A new treatment which involves targeting tiny blood vessels inside the kidneys may slow down the progression of an inherited kidney disease that is affecting around 12.5 million individuals worldwide, research has found.
Polycystic kidney disease (PKD), the world’s most common inherited kidney disease, is a genetic disorder where fluid filled cysts grow in kidneys and destroy normal renal tissue.
“With further testing, treatments that target blood vessels surrounding the kidney cysts, perhaps in combination with currently used drugs, may prove to be beneficial for patients with polycystic kidney disease,” said lead researcher David Long from University College London.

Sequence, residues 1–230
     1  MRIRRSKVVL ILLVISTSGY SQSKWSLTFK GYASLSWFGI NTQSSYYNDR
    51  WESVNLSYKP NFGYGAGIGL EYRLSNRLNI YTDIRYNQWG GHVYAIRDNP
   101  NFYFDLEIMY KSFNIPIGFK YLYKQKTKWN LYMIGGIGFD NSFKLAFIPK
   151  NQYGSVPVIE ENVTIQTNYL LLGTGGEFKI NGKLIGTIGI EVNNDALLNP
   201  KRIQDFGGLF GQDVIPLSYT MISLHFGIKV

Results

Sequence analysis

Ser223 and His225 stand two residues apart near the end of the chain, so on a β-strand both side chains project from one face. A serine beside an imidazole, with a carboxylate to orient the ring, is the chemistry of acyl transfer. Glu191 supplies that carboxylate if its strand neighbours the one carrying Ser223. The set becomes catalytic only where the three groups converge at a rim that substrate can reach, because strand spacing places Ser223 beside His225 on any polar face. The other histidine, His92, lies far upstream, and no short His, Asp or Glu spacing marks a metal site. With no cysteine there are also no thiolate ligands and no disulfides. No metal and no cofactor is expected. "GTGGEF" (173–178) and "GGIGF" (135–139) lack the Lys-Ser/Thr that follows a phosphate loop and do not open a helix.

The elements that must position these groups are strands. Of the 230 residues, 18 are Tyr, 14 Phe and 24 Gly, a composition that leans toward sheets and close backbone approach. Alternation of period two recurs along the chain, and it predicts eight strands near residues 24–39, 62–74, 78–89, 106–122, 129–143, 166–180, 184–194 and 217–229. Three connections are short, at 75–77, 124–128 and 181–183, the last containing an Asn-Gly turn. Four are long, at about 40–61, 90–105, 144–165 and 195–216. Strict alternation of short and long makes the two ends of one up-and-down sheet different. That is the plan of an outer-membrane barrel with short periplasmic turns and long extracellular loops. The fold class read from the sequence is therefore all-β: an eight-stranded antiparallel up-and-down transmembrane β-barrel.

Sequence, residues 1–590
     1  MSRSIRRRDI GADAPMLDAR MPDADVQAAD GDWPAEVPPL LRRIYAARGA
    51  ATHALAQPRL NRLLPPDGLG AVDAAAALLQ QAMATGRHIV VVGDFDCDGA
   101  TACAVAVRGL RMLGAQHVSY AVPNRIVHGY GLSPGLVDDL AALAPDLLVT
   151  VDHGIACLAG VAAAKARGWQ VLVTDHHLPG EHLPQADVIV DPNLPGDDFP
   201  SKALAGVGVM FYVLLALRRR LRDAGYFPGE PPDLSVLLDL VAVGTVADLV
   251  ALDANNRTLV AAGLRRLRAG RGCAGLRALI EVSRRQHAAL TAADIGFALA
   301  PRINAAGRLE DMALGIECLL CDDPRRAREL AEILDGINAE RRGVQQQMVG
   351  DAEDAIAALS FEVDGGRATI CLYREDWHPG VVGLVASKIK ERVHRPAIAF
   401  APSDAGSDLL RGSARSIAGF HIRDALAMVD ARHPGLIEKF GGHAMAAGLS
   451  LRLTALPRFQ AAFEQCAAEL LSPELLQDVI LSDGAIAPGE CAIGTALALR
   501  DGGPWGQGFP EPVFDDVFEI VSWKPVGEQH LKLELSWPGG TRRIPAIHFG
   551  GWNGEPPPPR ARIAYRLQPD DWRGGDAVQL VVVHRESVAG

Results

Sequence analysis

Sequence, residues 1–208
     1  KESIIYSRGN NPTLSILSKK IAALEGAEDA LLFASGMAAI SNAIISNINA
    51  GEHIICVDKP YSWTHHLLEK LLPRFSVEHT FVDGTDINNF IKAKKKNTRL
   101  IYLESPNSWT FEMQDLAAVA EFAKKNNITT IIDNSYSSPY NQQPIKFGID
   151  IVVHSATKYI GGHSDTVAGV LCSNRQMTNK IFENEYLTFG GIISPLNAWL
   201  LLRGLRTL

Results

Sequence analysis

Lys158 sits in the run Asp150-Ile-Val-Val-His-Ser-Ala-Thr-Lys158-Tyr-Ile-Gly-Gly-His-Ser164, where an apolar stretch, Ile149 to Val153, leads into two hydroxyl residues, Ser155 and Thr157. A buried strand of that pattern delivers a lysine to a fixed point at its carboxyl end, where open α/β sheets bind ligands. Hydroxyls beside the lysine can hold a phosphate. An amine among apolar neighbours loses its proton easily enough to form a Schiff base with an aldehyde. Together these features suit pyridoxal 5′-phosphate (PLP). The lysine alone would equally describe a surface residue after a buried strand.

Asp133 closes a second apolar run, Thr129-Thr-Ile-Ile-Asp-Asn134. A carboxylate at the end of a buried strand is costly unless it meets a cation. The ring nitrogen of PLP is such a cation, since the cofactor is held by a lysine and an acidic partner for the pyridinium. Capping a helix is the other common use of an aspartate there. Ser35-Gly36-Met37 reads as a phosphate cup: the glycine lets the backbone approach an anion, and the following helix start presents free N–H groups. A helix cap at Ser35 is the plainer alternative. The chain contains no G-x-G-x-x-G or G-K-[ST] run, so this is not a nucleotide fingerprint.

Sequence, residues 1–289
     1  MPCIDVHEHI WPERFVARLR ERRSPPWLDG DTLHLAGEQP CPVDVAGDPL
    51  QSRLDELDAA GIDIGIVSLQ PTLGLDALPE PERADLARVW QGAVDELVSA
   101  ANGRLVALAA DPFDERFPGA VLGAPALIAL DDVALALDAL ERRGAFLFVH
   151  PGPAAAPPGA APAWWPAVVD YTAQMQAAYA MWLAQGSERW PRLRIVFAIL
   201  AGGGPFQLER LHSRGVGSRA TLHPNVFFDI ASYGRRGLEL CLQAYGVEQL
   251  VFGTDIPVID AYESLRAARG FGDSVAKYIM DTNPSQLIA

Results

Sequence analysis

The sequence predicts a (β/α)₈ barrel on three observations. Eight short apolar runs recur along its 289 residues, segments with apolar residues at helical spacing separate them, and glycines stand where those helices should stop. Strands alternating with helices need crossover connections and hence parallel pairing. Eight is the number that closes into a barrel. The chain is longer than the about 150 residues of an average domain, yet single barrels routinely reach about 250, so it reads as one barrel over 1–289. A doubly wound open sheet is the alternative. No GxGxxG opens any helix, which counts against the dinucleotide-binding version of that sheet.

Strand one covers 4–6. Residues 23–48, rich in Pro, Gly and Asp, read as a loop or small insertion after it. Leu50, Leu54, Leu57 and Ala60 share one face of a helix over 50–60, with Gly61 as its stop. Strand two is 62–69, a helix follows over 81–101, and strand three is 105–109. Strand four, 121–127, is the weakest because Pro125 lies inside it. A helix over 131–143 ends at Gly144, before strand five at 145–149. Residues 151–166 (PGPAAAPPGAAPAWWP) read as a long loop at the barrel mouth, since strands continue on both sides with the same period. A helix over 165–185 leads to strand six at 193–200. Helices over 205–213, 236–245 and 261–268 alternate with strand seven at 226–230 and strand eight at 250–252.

“If we could target these blood vessels early in the development of the condition it could potentially lead to much better outcomes for patients,” co-author of the study Adrian Woolf, professor of paediatric science at the University of Manchester in Britain, said.
Treatment for the condition has traditionally targeted proteins which are thought to play a role in causing the condition and are located in hair-like structures and tissue that line the inside of cysts.
These treatments can help alleviate some of the symptoms of PKD but they cannot currently cure the condition.
By looking at mouse models of both the common and rarer form of the disease, the team noticed that tiny blood vessels surrounding the cysts were altered very early in cyst development.
They therefore treated the mice with a protein called VEGFC, and found that patterns of blood vessels normalised and the function of the kidneys improved.
In the mice with the rare form of the condition, it also led to a modest but significant increase in lifespan.
The study was published in the Journal of the American Society of Nephrology.